mobilized zones merge to form a common mobilized zone. A bypassed region of
oil
is then formed beneath the common mobilized zone between the adjacent well
pairs.
The main objective of the infill well is to recover this bypassed oil, after
the common
mobilized zone has been formed, substantially by gravity drainage. Based on
reservoir simulation results, the process in Patent 2591498 is claimed to
reduce the
cumulative steam-oil ratio ("CSOR") significantly, and increase the calendar
day oil
rate, for a given oil recovery, as compared to SAGD.
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CA 02776704 2012-05-14
SUMMARY OF THE INVENTION
A purpose of the present invention is to further enhance the thermal
efficiency of SAGD and SAGP while maintaining high oil recovery. Referring to
Figure 1, the invention in one embodiment requires two horizontal injector-
producer
well pairs 50, 60, of the type used in SAGD schemes (commonly referred to as
"adjacent well pairs"). The elevation is nearly the same for the two injectors
30, 31,
and for the two producers 40, 41. A horizontal well, herein referred to as an
"additional producer" 70, is placed at or near the elevation of the producers
40, 41 of
the adjacent well pairs 50, 60, approximately midway between those producers
40,
io 41. The two well pairs 50, 60 are initially operated, for example in a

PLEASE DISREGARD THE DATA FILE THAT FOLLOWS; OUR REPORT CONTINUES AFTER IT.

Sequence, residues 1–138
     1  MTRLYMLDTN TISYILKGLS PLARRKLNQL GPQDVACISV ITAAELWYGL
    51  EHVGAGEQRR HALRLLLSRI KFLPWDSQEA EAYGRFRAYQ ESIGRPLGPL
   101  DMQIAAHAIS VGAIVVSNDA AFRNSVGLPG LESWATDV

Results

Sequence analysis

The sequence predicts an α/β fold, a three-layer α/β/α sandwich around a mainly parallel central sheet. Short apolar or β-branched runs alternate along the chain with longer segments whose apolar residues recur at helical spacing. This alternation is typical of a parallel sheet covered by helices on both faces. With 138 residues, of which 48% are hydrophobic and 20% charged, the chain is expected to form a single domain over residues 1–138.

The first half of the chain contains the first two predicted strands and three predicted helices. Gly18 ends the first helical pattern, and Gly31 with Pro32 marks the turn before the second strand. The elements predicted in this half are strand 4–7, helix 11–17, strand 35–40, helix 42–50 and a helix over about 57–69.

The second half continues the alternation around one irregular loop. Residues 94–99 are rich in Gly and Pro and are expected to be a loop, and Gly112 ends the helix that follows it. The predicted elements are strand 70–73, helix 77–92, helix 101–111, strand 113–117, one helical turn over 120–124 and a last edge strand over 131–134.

SAGD mode,
with steam injection through the injectors 30, 31 and oil production from the
producers 40, 41. This operation results in the formation of steam chambers
55, 65
around the two well pairs 50, 60. The steam chambers 55, 65 are allowed to
rise to
the top 15 of the pay zone 20 and spread sideways. It is to be understood
that, while
is a SAGD process is used as the example, the invention may be practiced in
any
suitable setting which involves injection of thermal energy into a reservoir
containing
hydrocarbons, such as heavy oil, or bitumen (any of which are referred to as
"Oil").
In another embodiment, the present invention provides an in situ
recovery process for Oil in an underground reservoir comprising the steps of:
drilling
20 a SAGD well pair, with associated steam generation, injection, and
production
facilities, with facilities for co-injection of NCG; drilling a second,
essentially parallel
and adjacent, well pair; and producing Oil from the well pairs using a SAGD
process
until the average temperature of a producible adjacent volume of the reservoir

outside the chamber reaches a temperature which permits included Oil to be
25 mobilisable; and then co-injecting NCG with steam into the injector of
at least one
well pair.
In another embodiment, adding the further steps of drilling an additional
horizontal well essentially parallel with and equidistant from the producers
of the
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CA 02776704 2012-05-14
adjacent well pairs; and producing the Oil using the additional horizontal
well, without
or prior to co-injecting NCG.
In yet another embodiment, production of the Oil using the additional
horizontal well follows or is contemporaneous with co-injection of NCG. If the
additional horizontal well does not produce at satisfactory rates, stimulation
of the
additional horizontal well will be carried out prior to production.
In any embodiment, the average temperature of the producible Oil
adjacent to the chambers is within the range of temperature required to alter
viscosity
of the heavy oil/ bitumen being specific to the type of heavy oil/bitumen to